It is the mid-nineteenth century. Ada cannot speak and she has a young daughter, Flora. In an arranged marriage she leaves her native Scotland accompanied by her daughter and her beloved piano. Life in the rugged forests of New Zealand's North Island is not all she may have imagined and nor is her relationship with her new husband Stewart. She suffers torment and loss when Stewart sells her piano to a neighbor, George. Ada learns from George that she may earn back her piano by giving him piano lessons, but only with certain other conditions attached. At first Ada despises George but slowly their relationship is transformed and this propels them into a dire situation.Written by
Patrick Dominick <firstname.lastname@example.org>
Jane Campion became the first woman to win the prestigious Palme d'Or at the Cannes Film Festival with this film, though she was unable to receive the award in person, as she was due to give birth. See more »
Pianos of the period portrayed in the film were made almost entirely of wood, no metal framing at all, and the piano would therefore float, not sink. See more »
The voice you hear is not my speaking voice - -but my mind's voice. I have not spoken since I was six years old. No one knows why - -not even me. My father says it is a dark talent, and the day I take it into my head to stop breathing will be my last. Today he married me to a man I have not yet met. Soon my daughter and I shall join him in his own country. My husband writes that my muteness does not bother him - and hark this! He says, "God loves dumb creatures, so why not I?" '...
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"The Piano", directed by Jane Campion, is a haunting film about love, passion, betrayal and refusal set in the 19th century. Ada (Holly Hunter), sent to New Zealand on an arranged marriage, arrives with her daughter Flora (Anna Paquin) and her precious piano on a stormy gray beach. Her husband Stewart (Sam Neill) leaves her beloved piano on the beach after having decided that it is too heavy to transport it inland. He does not recognize what this means to the mute Ada, who expresses her emotions with the "voice" of her piano. Baines (Harvey Keitel), who has taken on Maori ways, is deeply moved by Ada and her "voice". He gives Stewart a piece of land in exchange for the piano and offers Ada a deal to earn it back.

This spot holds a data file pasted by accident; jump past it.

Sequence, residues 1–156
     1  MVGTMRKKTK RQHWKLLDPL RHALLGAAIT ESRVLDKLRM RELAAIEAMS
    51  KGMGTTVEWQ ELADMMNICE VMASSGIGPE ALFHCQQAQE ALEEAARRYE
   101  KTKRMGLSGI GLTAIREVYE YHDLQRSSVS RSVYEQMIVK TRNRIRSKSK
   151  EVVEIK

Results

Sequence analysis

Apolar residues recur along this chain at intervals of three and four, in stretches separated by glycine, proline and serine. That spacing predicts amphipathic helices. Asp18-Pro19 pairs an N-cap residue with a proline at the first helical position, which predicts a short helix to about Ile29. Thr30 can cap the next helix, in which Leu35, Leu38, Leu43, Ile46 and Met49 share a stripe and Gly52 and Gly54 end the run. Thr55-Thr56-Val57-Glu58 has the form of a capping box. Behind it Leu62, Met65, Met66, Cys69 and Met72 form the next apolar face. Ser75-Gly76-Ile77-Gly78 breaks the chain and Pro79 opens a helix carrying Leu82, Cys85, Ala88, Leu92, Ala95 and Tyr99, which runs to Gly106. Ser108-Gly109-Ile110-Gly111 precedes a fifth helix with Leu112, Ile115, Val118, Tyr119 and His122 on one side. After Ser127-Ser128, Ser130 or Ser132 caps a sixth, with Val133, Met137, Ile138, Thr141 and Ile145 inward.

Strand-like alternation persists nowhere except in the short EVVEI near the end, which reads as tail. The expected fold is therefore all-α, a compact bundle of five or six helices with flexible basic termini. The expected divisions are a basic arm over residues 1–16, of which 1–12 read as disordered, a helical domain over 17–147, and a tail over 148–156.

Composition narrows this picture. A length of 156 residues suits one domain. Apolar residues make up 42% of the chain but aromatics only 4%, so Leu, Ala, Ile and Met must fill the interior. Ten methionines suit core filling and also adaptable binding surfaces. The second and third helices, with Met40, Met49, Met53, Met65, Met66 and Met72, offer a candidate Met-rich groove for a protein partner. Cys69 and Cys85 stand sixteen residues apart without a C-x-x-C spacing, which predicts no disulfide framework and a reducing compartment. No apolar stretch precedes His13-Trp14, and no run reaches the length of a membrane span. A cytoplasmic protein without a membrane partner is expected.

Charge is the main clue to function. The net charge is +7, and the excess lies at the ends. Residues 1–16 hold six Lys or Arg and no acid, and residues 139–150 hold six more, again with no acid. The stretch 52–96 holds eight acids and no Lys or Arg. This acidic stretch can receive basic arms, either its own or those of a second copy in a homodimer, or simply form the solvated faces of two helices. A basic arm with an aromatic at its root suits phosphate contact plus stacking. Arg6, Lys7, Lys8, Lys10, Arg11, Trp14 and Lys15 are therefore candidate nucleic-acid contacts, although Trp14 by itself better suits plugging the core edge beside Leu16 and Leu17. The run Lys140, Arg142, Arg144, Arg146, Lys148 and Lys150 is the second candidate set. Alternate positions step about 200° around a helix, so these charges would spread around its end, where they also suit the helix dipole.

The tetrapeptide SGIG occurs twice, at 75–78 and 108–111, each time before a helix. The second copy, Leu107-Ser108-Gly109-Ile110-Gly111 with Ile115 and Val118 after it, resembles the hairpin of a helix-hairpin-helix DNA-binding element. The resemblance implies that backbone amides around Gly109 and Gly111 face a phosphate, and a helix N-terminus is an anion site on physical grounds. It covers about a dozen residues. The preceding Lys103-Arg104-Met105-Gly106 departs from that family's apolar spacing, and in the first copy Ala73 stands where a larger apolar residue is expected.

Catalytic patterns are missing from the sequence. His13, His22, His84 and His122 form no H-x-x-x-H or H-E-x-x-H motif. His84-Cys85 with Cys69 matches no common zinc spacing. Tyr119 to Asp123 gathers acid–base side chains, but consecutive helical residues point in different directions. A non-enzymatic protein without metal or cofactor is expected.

Repulsed by Baines' crude appearance, Ada reluctantly accepts the deal to play the piano in his hut while he does "things". Submerged erotic desires and passion slowly set free between the unlikely pair during the piano sessions. Both Baines and Stewart become obsessed by Ada's powerful, intensely suggestive form of unuttered communication. Completely bewildered, Stewart asks Baines if had ever heard Ada speak a single word to him, claiming that he could hear her voice in his mind.
The breathtaking, beautiful imagery as well as its stirring music (Michael Nyman) contribute to the romantic, mystifying atmosphere of the film. "The Piano" won the Palme d'Or at the Cannes Film Festival and Oscars for Best Actress (Holly Hunt), Best Supporting Actress (Anna Paquin), and Campion's screenplay. Holly Hunter's outstanding performance conveys impressively a woman's ability to express herself without words. "The Piano" is one of the best films I have seen so far.
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